Gregory Hong is an IPilogue Writer and a 1L JD candidate at Osgoode Hall Law School.
This past summer, I had the privilege, as my final act as a graduate student, to attend a major magnetic resonance imaging (MRI) conference in London, UK (ISMRM). At this conference, GE Healthcare used its plenary session to highlight their recent incorporation of AI/Deep Learning into their MRI suite. The other major MRI manufacturers, Siemens Healthineers and Philips, also have AI suites. Computed tomography (CT) had joined the AI party even earlier than MRI, with Canon, GE, Siemens and Philips products. The widespread adoption of AI in medical imaging products is significant because it is one of the first commercial applications of AI in healthcare.
What are MRI and CT?
MRI and CT are the workhorses of most hospitals’ radiology departments. CT and MRI both allow for a 3D image to be taken of internal anatomy, making them invaluable for diagnosing many diseases. Unfortunately, they both have at least one critical downside. CT is an extension of x-ray and thus exposes patients to ionizing radiation, with a CT image often depositing more than 10x the effective radiation dose of an x-ray image. MRI is lauded for, among other benefits, avoiding this radiation; however, MRI is both expensive to run and comparatively very time-consuming.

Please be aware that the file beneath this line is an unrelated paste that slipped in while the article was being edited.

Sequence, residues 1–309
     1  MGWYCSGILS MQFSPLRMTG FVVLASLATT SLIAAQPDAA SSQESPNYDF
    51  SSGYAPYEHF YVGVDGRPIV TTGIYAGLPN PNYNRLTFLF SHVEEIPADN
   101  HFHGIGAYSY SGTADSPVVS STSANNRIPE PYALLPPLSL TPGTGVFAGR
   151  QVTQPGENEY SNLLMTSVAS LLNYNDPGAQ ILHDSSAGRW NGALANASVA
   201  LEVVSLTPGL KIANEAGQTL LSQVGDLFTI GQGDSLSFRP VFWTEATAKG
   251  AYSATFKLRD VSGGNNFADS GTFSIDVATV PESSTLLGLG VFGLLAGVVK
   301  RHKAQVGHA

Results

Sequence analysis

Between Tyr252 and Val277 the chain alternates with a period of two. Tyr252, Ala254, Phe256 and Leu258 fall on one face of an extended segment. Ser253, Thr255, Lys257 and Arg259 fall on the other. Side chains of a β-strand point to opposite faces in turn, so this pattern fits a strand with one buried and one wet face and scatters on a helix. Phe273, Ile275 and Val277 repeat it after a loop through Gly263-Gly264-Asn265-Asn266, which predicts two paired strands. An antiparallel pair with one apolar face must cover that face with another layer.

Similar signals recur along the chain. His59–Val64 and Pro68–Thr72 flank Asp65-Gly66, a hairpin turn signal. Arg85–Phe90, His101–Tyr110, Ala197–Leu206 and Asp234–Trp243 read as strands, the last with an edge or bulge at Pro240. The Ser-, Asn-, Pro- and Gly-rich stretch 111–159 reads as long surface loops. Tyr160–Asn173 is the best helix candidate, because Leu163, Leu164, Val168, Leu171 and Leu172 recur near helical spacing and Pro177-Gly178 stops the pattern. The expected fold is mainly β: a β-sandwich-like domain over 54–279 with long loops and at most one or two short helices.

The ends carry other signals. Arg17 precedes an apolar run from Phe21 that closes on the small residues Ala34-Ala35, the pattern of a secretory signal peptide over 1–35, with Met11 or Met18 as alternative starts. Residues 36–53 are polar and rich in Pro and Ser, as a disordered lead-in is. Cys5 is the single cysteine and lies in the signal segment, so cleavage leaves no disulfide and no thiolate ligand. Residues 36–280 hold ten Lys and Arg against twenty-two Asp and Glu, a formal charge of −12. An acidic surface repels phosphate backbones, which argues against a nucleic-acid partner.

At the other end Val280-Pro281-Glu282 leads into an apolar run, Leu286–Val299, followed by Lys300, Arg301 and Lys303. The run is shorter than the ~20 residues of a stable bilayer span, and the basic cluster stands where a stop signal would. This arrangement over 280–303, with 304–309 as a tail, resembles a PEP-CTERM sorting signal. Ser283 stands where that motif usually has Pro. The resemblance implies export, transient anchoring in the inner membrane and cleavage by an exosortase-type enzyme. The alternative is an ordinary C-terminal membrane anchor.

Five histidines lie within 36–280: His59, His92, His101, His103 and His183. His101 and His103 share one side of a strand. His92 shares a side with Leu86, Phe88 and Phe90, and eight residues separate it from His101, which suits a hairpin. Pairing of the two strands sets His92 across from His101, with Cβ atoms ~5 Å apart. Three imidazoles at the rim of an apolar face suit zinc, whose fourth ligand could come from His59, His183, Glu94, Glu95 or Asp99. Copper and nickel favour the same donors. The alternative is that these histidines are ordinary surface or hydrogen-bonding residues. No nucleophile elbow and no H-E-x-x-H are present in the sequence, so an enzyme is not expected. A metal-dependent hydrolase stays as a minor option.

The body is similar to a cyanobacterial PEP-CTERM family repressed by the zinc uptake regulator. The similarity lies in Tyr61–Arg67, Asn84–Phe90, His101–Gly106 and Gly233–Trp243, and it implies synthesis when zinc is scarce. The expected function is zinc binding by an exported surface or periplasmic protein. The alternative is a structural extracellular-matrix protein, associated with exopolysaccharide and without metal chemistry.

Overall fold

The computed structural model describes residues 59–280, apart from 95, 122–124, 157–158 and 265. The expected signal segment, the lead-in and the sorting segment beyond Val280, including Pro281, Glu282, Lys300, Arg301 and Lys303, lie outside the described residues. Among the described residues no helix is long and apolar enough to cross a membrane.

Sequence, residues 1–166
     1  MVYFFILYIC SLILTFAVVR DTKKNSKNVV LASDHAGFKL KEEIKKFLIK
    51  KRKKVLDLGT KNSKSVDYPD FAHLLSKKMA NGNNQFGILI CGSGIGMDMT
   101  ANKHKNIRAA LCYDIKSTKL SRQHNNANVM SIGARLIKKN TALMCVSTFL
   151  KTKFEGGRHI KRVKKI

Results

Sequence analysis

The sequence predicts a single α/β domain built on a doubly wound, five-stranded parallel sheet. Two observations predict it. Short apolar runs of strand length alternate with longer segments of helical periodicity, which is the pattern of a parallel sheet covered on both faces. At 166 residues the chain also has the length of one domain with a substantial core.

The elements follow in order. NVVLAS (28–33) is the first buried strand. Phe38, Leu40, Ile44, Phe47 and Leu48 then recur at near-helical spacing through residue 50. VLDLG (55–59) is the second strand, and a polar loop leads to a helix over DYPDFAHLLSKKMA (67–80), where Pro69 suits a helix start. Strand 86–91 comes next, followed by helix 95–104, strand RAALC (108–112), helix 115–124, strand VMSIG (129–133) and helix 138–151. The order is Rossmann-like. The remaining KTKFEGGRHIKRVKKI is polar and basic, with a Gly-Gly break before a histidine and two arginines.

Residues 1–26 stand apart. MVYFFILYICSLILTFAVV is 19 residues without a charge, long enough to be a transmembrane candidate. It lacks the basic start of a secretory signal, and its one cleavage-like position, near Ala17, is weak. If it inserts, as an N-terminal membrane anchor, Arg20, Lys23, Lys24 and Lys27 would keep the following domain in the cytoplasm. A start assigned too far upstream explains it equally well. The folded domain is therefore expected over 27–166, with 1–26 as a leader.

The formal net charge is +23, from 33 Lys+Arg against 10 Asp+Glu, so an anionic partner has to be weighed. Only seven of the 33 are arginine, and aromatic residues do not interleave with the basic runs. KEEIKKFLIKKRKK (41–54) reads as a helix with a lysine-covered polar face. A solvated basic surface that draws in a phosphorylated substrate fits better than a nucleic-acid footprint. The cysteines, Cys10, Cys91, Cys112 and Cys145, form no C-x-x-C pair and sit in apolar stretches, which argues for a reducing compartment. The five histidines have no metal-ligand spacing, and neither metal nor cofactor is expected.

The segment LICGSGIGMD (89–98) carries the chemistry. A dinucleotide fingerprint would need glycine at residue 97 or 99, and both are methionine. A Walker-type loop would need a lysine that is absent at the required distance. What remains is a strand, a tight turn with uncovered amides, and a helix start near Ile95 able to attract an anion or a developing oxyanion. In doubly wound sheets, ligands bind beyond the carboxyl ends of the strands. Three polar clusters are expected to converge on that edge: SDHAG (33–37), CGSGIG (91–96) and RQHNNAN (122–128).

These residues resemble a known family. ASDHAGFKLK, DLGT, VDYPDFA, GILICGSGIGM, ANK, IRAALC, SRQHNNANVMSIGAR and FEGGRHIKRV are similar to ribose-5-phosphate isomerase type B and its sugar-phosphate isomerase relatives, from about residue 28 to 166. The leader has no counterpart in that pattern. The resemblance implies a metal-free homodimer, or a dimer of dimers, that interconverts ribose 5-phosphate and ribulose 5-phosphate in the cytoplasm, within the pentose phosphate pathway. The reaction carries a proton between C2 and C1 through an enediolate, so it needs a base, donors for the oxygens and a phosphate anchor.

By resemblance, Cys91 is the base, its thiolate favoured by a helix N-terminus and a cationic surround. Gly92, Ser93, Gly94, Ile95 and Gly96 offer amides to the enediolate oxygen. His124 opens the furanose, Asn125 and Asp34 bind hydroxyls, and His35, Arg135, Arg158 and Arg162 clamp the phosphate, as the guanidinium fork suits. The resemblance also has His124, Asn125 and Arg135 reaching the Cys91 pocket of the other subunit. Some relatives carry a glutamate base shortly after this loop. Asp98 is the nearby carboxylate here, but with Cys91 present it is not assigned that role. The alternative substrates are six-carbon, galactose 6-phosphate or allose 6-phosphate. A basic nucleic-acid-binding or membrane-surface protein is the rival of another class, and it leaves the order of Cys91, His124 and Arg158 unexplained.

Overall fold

How does AI come into play?
The primary goal of AI in MRI and CT applications is mitigating the downsides – radiation dose in CT, and scan time in MRI. In both cases, this goal is achieved by “training” an AI through machine learning – or, more specifically, deep learning algorithms – by feeding it an enormous amount of data consisting of previously acquired images. Trained AI allows MRI and CT to acquire less data as the AI is used to fill in the data shortfall – almost analogous to the Hollywood idea of zooming in on a pixelated picture and seeing a clear image. Acquiring less data means less views in CT, leading to less radiation dose and shorter MRI scan times. The resulting AI-enhanced images are used for diagnostic purposes in the same way that conventionally acquired images are.
Why does it matter?
Directly related to healthcare, Canadian patients continue to suffer long waits for medical imaging, and any improvements to MRI and CT will aid in alleviating that pileup to some extent. It is also significant that radiologists and medical physicists approve of AI in diagnostic imaging. There may not be any group in the medical field more qualified to have at least some grasp of the very complex inner workings of machine learning (disclaimer: I do not fully understand the title of this thesis). It also represents one of the first applications of AI that directly affects medical decisions, which may open the door for other AI applications in healthcare. Lastly, using AI in a commercially available product is interesting on its own – the pathway toward deploying AI in such a high-stakes application may be a useful example for future AI-based products.